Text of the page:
Welsh v. Wisconsin
Decided on May 15, 1984; 466 US 740


A. Issues Discussed: Criminal Justice, 4th Amendment

B. Legal Question Presented:

Does the Fourth Amendment prohibit police from making a warrantless night entry of a person's home in order to arrest him/her for a nonjailable traffic offense?

If so, under what circumstances, does the Fourth Amendment prohibit police from making a warrantless night entry of a person's home in order to make an arrest for a nonjailable traffic offense?


A. Background:

On April 24, 1978, a witness observed Welsh (petitioner) driving erratically and eventually swerving off the road and coming to a stop in a field. Welsh left his car in the field and walked away from the scene. The witness, thereafter, informed the police that Welsh was either very inebriated or very sick.  The police, without obtaining a warrant, proceeded to the Welsh's nearby home and gained entry when his stepdaughter answered the door.  The police found Welsh lying naked in bed and arrested him for driving a motor vehicle while under the influence of an intoxicant in violation of a Wisconsin statute.

The statute provided that a first offense was a noncriminal violation subject to a civil forfeiture proceeding for a maximum fine of $200. Petitioner was taken to the police station, where he refused to submit to a breath-analysis test. Pursuant to Wisconsin statutes, an arrestee who refused to take the test risked a 60-day revocation of driving privileges.  Welsh requested a court hearing to determine whether his refusal was reasonable. Under Wisconsin law, a refusal to take a breath test was reasonable if the underlying arrest was not lawful.

The trial court, concluding that petitioner's arrest was lawful and that his refusal to take the breath test was therefore unreasonable, issued an order suspending petitioner's license. The Wisconsin Court of Appeals vacated the order, concluding that the warrantless arrest of petitioner in his home violated the Fourth Amendment because the State, although demonstrating probable cause to arrest, had not established the existence of exigent [urgent] circumstances. The Wisconsin Supreme Court reversed and the US Supreme Court granted certiorari.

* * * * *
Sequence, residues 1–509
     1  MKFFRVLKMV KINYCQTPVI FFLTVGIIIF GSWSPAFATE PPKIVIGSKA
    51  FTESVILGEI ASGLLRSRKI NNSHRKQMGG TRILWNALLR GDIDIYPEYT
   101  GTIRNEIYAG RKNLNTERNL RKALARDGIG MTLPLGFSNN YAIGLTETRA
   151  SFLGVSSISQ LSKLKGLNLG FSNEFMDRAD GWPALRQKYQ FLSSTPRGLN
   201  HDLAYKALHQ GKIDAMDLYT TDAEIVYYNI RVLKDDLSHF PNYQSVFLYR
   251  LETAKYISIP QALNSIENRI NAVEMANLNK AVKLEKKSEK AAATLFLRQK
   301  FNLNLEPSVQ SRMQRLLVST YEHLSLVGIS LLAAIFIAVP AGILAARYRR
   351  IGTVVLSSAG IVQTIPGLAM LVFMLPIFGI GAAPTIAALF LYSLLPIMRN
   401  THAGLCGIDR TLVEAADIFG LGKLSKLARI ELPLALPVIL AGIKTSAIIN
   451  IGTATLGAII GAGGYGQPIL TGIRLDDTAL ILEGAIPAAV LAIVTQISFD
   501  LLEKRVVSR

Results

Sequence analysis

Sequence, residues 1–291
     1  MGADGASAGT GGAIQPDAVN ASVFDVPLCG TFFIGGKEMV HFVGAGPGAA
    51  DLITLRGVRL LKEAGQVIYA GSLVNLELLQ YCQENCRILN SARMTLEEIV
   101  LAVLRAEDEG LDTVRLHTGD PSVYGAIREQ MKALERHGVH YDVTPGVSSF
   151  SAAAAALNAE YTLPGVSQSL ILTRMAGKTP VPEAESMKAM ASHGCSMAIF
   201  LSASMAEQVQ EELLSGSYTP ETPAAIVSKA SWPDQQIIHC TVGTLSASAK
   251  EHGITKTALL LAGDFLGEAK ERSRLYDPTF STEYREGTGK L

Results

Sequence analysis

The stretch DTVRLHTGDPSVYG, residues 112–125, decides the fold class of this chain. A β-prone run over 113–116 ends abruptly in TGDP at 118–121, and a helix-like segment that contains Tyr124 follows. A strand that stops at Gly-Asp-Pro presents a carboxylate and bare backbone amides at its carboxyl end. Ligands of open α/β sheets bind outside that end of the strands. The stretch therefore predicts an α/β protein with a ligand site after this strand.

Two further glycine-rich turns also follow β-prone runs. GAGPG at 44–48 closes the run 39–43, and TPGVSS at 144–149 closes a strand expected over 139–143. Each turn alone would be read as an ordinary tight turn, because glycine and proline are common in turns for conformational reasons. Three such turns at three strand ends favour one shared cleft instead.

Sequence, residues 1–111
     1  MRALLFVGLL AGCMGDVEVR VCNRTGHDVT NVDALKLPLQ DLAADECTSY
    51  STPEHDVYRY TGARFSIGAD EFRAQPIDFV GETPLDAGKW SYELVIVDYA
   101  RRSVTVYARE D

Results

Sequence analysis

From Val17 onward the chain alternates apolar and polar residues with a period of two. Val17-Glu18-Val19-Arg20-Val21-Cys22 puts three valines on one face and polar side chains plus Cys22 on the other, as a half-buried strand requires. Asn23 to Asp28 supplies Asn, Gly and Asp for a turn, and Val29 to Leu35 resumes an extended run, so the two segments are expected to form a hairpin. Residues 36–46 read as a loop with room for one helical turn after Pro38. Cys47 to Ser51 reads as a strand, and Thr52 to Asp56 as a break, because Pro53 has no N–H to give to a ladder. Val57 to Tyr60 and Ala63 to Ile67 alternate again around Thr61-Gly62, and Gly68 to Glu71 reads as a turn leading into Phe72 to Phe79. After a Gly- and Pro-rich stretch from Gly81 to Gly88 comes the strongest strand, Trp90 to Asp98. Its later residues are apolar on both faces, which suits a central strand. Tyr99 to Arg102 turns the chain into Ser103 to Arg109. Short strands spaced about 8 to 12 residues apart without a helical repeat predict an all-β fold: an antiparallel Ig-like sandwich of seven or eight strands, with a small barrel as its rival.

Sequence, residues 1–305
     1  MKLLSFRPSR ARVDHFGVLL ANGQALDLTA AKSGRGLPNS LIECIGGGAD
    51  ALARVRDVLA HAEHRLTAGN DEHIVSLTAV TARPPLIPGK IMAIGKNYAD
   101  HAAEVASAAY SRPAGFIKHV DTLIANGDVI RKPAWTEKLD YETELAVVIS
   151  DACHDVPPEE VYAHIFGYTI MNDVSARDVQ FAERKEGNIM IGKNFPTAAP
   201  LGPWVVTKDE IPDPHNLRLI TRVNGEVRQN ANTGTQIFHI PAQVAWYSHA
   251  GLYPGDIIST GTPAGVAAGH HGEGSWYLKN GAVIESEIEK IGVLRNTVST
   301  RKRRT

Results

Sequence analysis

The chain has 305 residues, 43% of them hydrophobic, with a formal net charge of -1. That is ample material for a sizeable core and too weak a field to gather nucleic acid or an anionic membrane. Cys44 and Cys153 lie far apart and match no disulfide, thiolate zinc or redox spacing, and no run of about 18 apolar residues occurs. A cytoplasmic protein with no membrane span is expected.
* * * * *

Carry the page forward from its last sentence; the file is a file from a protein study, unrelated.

B. Counsel of Record:
Opposing Side
Gordon Brewster Baldwin argued the cause for petitioner. With him on the briefs was Archie E. Simonson.
Stephen W. Kleinmaier, Assistant Attorney General of Wisconsin, argued the cause for respondent. With him on the brief was Bronson C. La Follette, Attorney General.
C. The Arguments:
Opposing Side
Unavailable Unavailable
Opposing Side
Charles F. Kahn, Jr., filed a brief for the ACLU's Wisconsin Civil Liberties Union Foundation as amicus curiae urging reversal. No amici curiae briefs were filed on behalf of Respondent.


"Before government agents may invade the sanctity of the home, the government must demonstrate exigent circumstances that overcome the presumption of unreasonableness that attaches to all warrantless home entries. An important factor to be considered when determining whether any exigency exists is the gravity of the underlying offense for which the arrest is being made. Moreover, although no exigency is created simply because there is probable cause to believe that a serious crime has been committed, application of the exigent circumstances exception in the context of a home entry should rarely be sanctioned when there is probable cause to believe that only a minor offense has been committed.

Petitioner's warrantless arrest in the privacy of his own bedroom for a noncriminal traffic offense cannot be justified on the basis of the 'hot pursuit' doctrine, because there was no immediate or continuous pursuit of the petitioner from the scene of a crime, or on the basis of a threat to public safety, because petitioner had already arrived home and had abandoned his car at the scene of the accident. Nor can the arrest be justified as necessary to preserve evidence of petitioner's blood alcohol level. Even assuming that the underlying facts would support a finding of this exigent circumstance, given the fact that the State had chosen to classify the first offense for driving while intoxicated as a noncriminal, civil forfeiture offense for which no imprisonment was possible, a warrantless home arrest cannot be upheld simply because evidence of the petitioner's blood alcohol level might have dissipated while the police obtained a warrant... vacated and remanded."

Justice Vote: 6 Pro vs. 3 Con

  • Brennan, W. Pro  (Wrote the majority opinion)
  • Marshall, T. Pro  (Joined majority opinion)
  • Stevens, J. Pro  (Joined majority opinion)
  • O’Connor, S. Pro  (Joined majority opinion)
  • Powell, L. Pro  (Joined majority opinion)
  • Blackmun, H. Pro (Wrote concurring opinion)
  • Burger, W. Con  (Wrote separate statement)
  • White, B. Con  (Wrote dissenting opinion)
  • Rehnquist, W. Con  (Joined White’s dissent)

The ACLU filed as amicus curiae urging reversal. The United States Supreme Court vacated and remanded the Wisconsin Supreme Court's decision in a 6-3 vote, giving the ACLU an apparent win.